There are different ways to say goodbye. It remains a bittersweet science.
Star-crossed former champion Johnny Tapia bids farewell to the gloved up side of things with a sold out fight for the hometown Albuquerque fans Friday night at Isleta Casino against Ilido Julio, 33-10-1.
For Tapia, 55-5-2 (28), one of boxing’s most popular performers of the ‘90s, the surroundings may be modest compared to previous highs, but the simple fact he’s still on the planet, let alone set to go ten retirement bound rounds makes it a compelling, heartfelt scenario.
“I’ve got just one more fight and I’ll be done,” said Tapia, showing some mileage. “This is where I want to end my boxing career because that’s where I started. I’m taking it one day at a time. The truth is I love all the people. I give all the blessing to God and also my wife for taking care of me and guiding me. I’ve got about four fighters that I can train and that’s what I want to do after this.”
Sometimes the fallout from Tapia’s dramatic, deeply documented days of athletic glory and substance abuse gloom seems to envelop his eyes in relapse and redemption.
In the stabilizing ring, there’s only about half an hour of scheduled action to go.
“You know what? It’s hard to say a lot of things about my life,” reflects Tapia, who just turned 40. “But if I’m able to reach one person or two, I did my job. That’s the good thing about it (sobriety). That’s really what I want to do now. My hands have been broken and what I really want is to be able to reach out to the people and tell them what I’ve been through, what I’ve done, and the blessing of the Lord I’ve been given.
“If I can keep somebody straight, put a smile on their face, or if I can train them and they’re happy, that’s a good thing. Now I’m happy. God has really blessed me he’s given me everything I have today because of boxing.
“I don’t know if you heard but I was San Antonio for a while, then my [mother-in-law’s] kidneys went out so I live in Farmington (NM) now, there’s a big dialysis center there. First of all, early in the morning I take my [six-year-old] son to school, then I come home and take my mom to dialysis. Then I come back, and train. It’s a pretty simple life.
“My brother served 19 years in prison, he’s a heroin addict. I told my grandmother that’s the way he is. She told me he’s sick, someday it might happen to you. But when I did it, it was worse.
“Every night, I tell my son: no drugs, no alcohol. I want him to go the right way. I didn’t have any help. I lost my mom. I lost my father. I lost my brother. So the truth is, all that hurt, maybe I put it in the ring.”
And it paid off.
“Let me tell you something and it’s the truth,” continued Tapia. “Everybody that comes around me wants to give me a drink or whatever; I’ve got that reputation already. And that’s where it’s at. But if I’m always with my wife, always with my family, I’ll be all right. I‘ve got my brother Keith, I’ve got Pops, I’ve got Junior, and if something’s going wrong or happening, I call them.”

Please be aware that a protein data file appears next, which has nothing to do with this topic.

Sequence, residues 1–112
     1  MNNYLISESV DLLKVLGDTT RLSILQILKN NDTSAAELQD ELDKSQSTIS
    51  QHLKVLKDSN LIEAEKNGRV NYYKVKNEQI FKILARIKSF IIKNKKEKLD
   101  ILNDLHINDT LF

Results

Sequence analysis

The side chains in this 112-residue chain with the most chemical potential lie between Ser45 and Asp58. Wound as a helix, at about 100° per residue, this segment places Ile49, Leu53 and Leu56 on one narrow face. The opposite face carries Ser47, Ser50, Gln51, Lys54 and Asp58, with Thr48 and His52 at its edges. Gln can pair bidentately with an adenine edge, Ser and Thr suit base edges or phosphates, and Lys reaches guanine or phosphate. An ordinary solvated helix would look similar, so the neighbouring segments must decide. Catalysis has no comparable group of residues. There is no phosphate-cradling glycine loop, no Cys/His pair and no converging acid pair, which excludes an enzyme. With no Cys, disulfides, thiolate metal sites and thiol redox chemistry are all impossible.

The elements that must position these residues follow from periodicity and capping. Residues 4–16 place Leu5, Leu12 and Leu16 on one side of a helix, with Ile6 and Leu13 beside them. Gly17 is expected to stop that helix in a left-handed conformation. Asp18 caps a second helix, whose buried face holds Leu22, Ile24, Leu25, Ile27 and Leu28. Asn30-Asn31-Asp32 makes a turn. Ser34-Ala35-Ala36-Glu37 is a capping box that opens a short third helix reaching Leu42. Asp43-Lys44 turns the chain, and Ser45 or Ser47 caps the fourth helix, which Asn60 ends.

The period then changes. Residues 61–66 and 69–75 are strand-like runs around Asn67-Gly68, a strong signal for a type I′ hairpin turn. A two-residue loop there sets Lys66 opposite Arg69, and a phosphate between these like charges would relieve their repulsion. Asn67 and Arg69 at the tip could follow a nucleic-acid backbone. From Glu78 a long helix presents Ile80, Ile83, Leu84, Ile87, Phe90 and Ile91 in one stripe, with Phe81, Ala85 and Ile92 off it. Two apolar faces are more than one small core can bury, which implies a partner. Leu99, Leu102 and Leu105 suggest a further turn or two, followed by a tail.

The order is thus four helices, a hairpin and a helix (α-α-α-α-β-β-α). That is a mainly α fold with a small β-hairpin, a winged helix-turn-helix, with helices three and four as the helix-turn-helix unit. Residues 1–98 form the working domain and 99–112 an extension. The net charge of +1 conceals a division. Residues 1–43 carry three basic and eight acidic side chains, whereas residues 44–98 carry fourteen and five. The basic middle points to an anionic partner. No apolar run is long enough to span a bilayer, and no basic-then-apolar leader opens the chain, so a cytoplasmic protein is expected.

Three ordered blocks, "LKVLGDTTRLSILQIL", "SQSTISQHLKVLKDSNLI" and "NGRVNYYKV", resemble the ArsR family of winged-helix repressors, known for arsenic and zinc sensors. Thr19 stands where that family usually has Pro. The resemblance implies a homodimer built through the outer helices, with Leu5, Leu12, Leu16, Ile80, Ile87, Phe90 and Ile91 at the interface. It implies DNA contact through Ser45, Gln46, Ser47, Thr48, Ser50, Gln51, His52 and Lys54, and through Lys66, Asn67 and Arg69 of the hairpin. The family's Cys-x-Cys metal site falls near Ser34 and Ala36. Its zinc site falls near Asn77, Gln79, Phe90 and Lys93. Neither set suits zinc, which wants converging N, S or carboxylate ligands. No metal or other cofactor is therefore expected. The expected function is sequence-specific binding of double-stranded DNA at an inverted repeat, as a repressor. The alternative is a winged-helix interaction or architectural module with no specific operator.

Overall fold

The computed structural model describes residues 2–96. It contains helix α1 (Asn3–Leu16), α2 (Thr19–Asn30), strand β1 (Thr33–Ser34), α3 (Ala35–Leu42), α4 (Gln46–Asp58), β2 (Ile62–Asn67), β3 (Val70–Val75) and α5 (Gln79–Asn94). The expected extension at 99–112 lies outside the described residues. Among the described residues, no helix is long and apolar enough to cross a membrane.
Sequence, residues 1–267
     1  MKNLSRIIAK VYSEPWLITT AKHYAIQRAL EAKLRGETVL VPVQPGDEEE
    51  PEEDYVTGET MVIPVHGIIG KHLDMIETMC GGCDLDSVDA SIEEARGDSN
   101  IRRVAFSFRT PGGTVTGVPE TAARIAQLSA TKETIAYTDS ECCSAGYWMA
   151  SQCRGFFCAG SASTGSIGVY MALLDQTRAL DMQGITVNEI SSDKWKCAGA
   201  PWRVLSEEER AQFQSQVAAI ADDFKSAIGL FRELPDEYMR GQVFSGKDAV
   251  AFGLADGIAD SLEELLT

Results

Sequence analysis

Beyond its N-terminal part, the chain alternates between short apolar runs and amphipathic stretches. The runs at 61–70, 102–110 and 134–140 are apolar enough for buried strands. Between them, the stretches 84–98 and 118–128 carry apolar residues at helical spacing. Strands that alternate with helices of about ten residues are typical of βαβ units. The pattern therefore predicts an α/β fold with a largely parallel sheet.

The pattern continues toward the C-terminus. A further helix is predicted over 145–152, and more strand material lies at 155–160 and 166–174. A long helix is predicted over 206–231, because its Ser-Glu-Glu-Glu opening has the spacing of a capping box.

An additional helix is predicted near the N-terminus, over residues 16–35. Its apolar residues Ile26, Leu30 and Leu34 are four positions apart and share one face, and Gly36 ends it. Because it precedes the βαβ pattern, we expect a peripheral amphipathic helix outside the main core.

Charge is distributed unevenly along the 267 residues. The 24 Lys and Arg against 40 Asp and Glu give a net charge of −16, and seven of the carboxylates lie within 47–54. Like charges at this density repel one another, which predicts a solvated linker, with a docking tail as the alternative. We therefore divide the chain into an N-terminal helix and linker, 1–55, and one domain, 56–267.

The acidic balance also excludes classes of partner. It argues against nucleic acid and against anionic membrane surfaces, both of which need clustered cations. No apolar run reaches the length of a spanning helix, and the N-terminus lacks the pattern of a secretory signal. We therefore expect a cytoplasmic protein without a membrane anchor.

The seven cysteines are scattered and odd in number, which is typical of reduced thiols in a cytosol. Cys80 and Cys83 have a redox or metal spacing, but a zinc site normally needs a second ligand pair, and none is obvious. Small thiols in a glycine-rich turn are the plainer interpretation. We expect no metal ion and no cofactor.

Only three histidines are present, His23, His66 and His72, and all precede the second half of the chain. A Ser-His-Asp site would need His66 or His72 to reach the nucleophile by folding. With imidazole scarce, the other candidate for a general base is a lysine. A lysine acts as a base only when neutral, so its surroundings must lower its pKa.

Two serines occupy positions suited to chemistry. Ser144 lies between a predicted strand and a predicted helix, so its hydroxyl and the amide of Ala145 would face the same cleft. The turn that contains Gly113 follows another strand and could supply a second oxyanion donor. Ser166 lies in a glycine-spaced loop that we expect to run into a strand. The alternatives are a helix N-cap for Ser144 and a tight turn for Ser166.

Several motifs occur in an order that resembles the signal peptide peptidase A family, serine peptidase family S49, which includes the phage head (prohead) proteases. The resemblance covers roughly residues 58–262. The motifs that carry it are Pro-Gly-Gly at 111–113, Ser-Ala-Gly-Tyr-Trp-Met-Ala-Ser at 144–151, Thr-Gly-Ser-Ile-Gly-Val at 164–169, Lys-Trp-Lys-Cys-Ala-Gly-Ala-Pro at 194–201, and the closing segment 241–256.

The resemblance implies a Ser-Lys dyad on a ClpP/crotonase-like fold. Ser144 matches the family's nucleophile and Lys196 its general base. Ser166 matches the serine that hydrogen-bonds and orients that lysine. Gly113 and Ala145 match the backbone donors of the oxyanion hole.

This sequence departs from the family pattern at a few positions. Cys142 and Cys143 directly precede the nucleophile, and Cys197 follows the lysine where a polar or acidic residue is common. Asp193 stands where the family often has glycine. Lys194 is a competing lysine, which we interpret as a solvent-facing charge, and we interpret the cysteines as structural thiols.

Back when everything seemed to matter so much that every duke out scene was an adrenaline rush and every moment of every fight needed to be absorbed, I studied Johnny Tapia before La Vida Loca was living large.
One of the earlier cards I covered was a 1989 Top Rank show featuring Michael Carbajal, Ray Mercer, and Tommy Morrison in Phoenix before 15,000 screaming, good old days fans on an ESPN special. Tapia appeared, unheralded, in an untelevised undercard eight rounder.
Tapia was considered a strong prospect, but the bout was much tougher than expected. Turns out the opponent was John Michael Johnson, who ended up earning a legitimate title and good pro run himself.
It was one of the best prelim fights I ever saw.
From the beginning, Tapia has displayed boxing’s heart on his sleeve.
By some definitions, living life to the fullest must include extremely different ends of the spectrum.
Tapia has tasted the flames and soared on the wings, at all points in between. Heard the suicide spectre swat team pounding on a Golden Valley standoff door. Listened to a fevered crowd, like the whole city was packed into the Pit, screaming his name as if he was the greatest hometown hero in New Mexico history.
As it all came down, Tapia probably partied harder and worked out more than most characters in the history of this zany rock. A life fully lived, indeed.
Tapia maintained a spiritual side, however dysfunctional. There has always been apparent soul.
“I’d tell my fans, Johnny Tapia’s clean today,” said Tapia as he headed into the final pro bell. “He’s trying his heart out. Yesterday is gone and tomorrow never comes. That’s the way I live, so if I can just live for today, and be OK today, I’ll be all right.”
When you can look at every day as a blessing, the blessing comes true in itself.
That might be all you end up with, but sometimes it’s really all that counts.